Apprenticeship to Vice President: how did that happen!
For many years, the accepted wisdom was that the best route into the accountancy profession and tax was through university. Now we are seeing increasing numbers coming into tax via apprenticeships. While they may once have been looked down on, apprenticeships are now being given the respect they deserve – and I should know.
The CIOT is an approved End-Point Assessment Organisation (EPA) for the Level 7 Taxation Apprenticeship. This apprenticeship is an employer-designed standard in England, which offers a route to become a CTA.
The EPA assesses competence in the required knowledge, skills and behaviours of the apprenticeship and comprises two elements:
- the CTA Case Study exam (Application and Professional Skills); and
- a Project Report.
There is lots more information on our website.
Despite the recent push towards apprenticeships, there has historically been a bit of a stigma surrounding them. I can relate to this. When I first joined Arthur Andersen as an experienced hire, I kept quiet about the fact I didn’t go to university. Unlike many of my contemporaries, I started in tax on a civil service apprenticeship scheme, joining what was then called the Inland Revenue. The recruitment process involved an application form, a test and interview. Those who were successful then embarked on a two year programme with tests at the end. It was a great experience and taught me a lot.
I was reminded of this a few years ago. I was sitting at the Christmas tax team curry night next to one of the new recruits. At some point, we swapped stories as to how we both ended up working in tax and he said something along the lines of ‘You have just made my day.’ When I asked why, he explained that it was because I provided proof that joining the tax profession after A levels could ultimately lead to partnership.
One of the most common misconceptions is that an apprentice will not achieve to the same extent as a graduate. This is why it is so important that we shout about the successes of those who don’t necessarily take a conventional career route into tax, as this will help to encourage others.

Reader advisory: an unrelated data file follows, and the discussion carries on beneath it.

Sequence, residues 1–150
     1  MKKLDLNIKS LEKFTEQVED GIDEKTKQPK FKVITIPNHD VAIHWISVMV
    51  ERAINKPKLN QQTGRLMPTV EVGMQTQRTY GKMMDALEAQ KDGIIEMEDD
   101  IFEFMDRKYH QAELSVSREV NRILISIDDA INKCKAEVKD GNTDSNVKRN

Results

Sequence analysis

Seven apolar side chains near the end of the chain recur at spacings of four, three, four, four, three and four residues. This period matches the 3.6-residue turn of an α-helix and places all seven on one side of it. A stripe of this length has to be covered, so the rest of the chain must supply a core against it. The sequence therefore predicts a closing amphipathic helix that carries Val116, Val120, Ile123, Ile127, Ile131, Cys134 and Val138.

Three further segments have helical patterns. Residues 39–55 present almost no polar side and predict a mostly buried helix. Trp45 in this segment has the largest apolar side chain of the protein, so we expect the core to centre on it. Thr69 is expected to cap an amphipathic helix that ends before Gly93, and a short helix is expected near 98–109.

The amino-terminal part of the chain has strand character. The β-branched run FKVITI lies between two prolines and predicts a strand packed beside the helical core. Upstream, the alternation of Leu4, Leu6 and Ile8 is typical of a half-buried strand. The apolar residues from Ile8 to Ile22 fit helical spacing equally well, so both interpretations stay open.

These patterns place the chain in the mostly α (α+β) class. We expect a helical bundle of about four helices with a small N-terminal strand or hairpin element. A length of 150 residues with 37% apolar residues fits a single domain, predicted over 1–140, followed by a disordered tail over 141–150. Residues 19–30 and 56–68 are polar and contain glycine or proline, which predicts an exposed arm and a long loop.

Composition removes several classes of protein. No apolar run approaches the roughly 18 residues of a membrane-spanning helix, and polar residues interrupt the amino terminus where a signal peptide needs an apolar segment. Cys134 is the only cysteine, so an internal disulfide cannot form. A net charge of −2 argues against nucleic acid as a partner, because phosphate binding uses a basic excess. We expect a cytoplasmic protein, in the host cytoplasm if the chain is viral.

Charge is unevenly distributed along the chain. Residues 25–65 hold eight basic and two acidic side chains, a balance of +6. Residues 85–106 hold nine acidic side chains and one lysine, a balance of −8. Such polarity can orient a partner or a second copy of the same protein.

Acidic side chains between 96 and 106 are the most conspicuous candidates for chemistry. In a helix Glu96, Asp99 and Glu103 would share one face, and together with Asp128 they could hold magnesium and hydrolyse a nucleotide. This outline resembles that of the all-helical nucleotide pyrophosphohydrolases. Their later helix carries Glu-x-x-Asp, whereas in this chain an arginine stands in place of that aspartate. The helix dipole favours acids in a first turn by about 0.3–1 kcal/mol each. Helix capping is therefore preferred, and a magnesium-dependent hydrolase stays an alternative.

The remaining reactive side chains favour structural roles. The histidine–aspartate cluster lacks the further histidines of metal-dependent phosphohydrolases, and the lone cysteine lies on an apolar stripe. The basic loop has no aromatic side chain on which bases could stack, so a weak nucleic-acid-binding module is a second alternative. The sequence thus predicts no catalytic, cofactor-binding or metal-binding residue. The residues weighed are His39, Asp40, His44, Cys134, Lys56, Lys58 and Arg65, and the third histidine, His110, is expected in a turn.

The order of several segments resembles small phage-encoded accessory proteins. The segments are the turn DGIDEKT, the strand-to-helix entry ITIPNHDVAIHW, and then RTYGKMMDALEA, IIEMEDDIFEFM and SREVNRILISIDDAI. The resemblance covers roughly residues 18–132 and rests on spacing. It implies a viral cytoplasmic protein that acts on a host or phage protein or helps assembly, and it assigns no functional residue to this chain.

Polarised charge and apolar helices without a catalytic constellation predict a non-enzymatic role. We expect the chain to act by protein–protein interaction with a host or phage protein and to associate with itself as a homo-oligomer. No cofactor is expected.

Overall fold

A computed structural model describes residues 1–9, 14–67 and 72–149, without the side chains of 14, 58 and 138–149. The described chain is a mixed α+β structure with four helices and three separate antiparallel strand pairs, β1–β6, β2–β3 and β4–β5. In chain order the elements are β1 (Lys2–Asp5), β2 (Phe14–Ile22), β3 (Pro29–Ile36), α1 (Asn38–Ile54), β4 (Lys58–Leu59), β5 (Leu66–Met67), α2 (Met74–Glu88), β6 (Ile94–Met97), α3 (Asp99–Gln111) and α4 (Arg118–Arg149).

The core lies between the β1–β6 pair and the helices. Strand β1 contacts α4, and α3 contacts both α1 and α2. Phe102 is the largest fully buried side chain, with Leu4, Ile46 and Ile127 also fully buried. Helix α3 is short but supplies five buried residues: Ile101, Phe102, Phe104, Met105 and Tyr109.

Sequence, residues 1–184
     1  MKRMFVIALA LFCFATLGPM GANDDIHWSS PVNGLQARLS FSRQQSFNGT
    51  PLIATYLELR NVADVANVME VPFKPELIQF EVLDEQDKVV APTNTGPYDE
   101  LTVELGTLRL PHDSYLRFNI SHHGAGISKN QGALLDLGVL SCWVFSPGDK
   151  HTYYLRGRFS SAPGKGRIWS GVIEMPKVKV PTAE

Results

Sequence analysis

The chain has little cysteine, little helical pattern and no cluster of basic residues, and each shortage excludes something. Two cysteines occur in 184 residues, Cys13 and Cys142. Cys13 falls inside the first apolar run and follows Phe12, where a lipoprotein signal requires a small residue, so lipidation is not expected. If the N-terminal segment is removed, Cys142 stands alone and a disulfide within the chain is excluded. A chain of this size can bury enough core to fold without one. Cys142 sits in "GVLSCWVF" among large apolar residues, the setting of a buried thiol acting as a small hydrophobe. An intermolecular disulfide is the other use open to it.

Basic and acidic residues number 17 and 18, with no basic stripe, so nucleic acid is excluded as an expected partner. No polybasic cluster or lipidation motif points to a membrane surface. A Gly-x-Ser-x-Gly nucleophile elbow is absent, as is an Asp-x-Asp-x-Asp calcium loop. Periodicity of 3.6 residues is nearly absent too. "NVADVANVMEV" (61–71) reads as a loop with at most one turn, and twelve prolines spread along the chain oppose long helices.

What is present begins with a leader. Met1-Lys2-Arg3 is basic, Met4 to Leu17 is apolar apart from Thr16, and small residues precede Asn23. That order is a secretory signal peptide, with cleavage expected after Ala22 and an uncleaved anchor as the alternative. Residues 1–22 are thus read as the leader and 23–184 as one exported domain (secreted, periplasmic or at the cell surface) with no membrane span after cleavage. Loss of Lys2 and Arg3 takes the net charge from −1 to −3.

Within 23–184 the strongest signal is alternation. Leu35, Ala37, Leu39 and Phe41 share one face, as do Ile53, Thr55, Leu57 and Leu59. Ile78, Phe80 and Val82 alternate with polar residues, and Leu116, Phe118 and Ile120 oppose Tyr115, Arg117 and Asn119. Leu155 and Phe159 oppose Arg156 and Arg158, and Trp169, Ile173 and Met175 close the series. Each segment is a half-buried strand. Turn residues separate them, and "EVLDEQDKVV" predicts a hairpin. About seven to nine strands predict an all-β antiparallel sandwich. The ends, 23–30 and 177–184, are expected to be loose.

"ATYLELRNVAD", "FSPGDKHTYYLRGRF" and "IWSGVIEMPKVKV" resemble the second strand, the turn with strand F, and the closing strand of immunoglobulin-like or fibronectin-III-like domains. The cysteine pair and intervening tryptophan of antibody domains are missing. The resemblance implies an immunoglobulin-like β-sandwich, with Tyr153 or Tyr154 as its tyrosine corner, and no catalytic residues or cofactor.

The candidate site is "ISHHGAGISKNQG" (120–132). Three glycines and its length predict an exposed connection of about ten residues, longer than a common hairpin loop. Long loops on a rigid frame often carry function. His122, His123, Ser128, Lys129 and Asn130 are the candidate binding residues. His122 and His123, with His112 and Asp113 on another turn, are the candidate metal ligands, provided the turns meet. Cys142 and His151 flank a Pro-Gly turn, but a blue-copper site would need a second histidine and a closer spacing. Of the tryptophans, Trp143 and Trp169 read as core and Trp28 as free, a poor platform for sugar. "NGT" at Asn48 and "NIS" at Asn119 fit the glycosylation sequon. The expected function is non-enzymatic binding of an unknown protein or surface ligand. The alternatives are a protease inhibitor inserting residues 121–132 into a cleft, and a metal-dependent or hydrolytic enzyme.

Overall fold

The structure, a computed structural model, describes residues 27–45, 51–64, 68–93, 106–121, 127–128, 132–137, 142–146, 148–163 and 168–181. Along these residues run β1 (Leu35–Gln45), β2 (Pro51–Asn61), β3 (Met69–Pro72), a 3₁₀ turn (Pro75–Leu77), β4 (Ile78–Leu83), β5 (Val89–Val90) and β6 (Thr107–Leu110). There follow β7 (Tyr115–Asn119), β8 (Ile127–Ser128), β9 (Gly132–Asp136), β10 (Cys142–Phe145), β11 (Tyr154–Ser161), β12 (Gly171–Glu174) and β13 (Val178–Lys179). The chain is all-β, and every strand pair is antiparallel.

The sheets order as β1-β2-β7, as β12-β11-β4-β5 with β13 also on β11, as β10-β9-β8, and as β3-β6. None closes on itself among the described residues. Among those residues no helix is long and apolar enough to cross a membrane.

I know university isn’t for everyone. With costs increasing and with the nature of work changing dramatically, thankfully apprenticeships are one of several ways to kickstart a career in the tax profession.
Having different routes in should help to make sure we have more diversity in the profession, with a healthy mix of cultures and backgrounds, not to mention gender and ethnicity. I am still surprised for example that despite the Peterson Institute for International Economics findings that organisations with 30% female leaders can increase net margin by up to 6%, we have not made as much progress as I would like.
Unfortunately, the latest figures in the accountancy profession show that only 18% of partners at the top UK accountancy firms are women, compared to 82% men; whereas around 48% of our members are women. Gender is only part of the picture, but it is pleasing to see that finally we have a few firms with a 50:50 split in terms of board gender diversity. Closer to home, of course, all being well in two years’ time the CIOT will have both a female president and CEO.
Hopefully, we will see more projects and initiatives that help the sector move towards greater diversity all round. At least we are moving in the right direction and apprenticeships are just part of the jigsaw.
So, to the trainees we have seen register to start their career in tax on a Level 4 Professional Taxation Technician (ATT) or Level 7 Taxation Professional (CTA) Apprenticeship – good luck.
Hopefully, you will have a great experience and be as lucky as I have been in my tax career to date, able to work with a diverse group of people, and have some fantastic mentors and champions along the way (thank you team, you know who you are!).
And just remember, you can get to be a tax partner or even Vice President of the Institute one day should you wish to do so!